British Columbia

Vancouver Vanishes book laments demolition of character homes and the histories they contain

“These houses could keep going for hundreds of years, and they’re being replaced by synthetic homes that are expected to be replaced within 30 years," says editor Caroline Adderson.

Collection of essays and photographs grew out of the popular Vancouver Vanishes Facebook page

One of many character homes that appears in the book Vancouver Vanishes. This 2857 West 32nd Ave. was built in 1936, and its first owners were salesman John R. Dudley and wife Florence. (Caroline Adderson)

When Caroline Adderson wanted to commemorate the character homes being torn down in her West Side Vancouver neighbourhood, she turned to Facebook in 2013 and created the Vancouver Vanishes page that now has over 7,000 likes.

That page has now transformed into a collection of essays and photographs titled Vancouver Vanishes: Narratives of Demolition and Revival, with contributions from historians, journalists and poets.

"This book, in a very small way, is a record of what we've lost," said Adderson, who was both contributor and editor of the book, which will be launched at an event at Book Warehouse on Main Street on Nov. 23.

More than just buildings

The book contains essays by people including journalists Kerry Gold and Bob Mackie and poet Evelyn Lau, with photographs by Adderson and Tracey Ayton scattered throughout.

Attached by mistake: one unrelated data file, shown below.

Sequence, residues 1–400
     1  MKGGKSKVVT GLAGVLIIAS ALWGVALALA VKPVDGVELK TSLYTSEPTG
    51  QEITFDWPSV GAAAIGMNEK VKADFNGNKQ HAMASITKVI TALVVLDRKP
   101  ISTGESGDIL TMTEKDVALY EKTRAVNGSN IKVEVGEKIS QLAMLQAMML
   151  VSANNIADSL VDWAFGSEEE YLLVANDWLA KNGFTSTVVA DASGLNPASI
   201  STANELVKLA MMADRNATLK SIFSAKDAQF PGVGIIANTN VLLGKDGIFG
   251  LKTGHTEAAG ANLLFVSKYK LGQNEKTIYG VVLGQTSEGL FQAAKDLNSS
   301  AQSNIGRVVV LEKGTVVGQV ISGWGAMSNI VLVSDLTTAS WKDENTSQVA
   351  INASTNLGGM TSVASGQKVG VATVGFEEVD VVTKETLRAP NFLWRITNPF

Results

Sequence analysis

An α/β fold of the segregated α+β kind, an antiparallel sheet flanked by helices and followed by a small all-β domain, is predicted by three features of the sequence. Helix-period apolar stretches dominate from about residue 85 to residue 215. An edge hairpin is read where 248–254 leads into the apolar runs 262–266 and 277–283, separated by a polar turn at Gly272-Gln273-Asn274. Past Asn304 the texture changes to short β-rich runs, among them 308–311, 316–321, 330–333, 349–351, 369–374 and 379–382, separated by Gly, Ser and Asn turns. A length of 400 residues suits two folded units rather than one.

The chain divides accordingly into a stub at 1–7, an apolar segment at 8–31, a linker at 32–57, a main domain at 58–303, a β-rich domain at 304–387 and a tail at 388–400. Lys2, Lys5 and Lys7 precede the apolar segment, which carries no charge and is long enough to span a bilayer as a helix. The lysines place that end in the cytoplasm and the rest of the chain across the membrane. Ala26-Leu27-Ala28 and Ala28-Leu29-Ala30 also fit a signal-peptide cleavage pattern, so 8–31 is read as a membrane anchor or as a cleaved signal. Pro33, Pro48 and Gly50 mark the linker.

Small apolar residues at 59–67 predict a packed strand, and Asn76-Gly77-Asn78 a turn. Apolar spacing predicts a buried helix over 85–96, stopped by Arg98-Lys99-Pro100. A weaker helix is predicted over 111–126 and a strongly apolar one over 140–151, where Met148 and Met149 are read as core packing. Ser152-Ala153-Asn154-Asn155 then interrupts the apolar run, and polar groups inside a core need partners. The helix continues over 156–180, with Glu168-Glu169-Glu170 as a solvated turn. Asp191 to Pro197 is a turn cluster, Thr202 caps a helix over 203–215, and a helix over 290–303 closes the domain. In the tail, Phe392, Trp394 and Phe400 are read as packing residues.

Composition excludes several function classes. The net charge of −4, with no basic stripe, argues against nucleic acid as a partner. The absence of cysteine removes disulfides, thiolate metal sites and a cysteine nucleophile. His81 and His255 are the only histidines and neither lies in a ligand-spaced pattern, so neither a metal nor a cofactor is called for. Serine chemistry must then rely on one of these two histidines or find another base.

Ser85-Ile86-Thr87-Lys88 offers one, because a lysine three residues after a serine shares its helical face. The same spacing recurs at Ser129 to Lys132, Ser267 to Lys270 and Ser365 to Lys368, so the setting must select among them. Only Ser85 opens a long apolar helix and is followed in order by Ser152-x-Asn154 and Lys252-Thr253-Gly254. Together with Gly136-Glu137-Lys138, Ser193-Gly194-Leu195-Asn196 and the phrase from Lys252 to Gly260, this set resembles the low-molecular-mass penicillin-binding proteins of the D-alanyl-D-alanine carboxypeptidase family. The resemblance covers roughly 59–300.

The 'Dorothies,' two 1930s Vancouver West Side heritage homes, were saved from the wrecking ball and successfully moved two blocks from West 43rd Avenue to their new home on West 41st Avenue in March 2014. (Tracey Ayton)

As on the Facebook page, the pictures of the houses in the book — many of which are pre-1940 character homes — are accompanied by a caption stating when the house was built, the name of the first owner and their occupation, and the status of the house (always "demolished").

"I see these houses as repositories of narrative … so when you say, 'John Smith, barber, and wife Mary,' suddenly you see this man doing something and a story is there," she said.

"It makes it not only a horrible environmental waste when this is happening, but also such a loss of narrative, story, history."

Adderson said the homes were often handcrafted with wood from first growth forests and made to endure.

"These houses could keep going for hundreds of years, and they're being replaced by synthetic homes that are expected to be replaced within 30 years, and we're certainly seeing younger homes go down. There was one 11-year-old house in my neighbourhood that was torn down recently," she said.

"We'll end up being a city with no layers, and when we have no layers, I'll suggest we have no culture."

In September 2015 Vancouver City Council voted unanimously to make the First Shaughnessy neighbourhood a Heritage Conservation Area.

This designation, a first for the city, gives the city the the power to prevent First Shaughnessy homes built before 1940 from being demolished. 


To hear the audio click on the audio labelled: Vancouver Vanishes book laments demolition of character homes and the histories they contain

Comments

To encourage thoughtful and respectful conversations, first and last names will appear with each submission to CBC/Radio-Canada's online communities (except in children and youth-oriented communities). Pseudonyms will no longer be permitted.

By submitting a comment, you accept that CBC has the right to reproduce and publish that comment in whole or in part, in any manner CBC chooses. Please note that CBC does not endorse the opinions expressed in comments. Comments on this story are moderated according to our Submission Guidelines. Comments are welcome while open. We reserve the right to close comments at any time.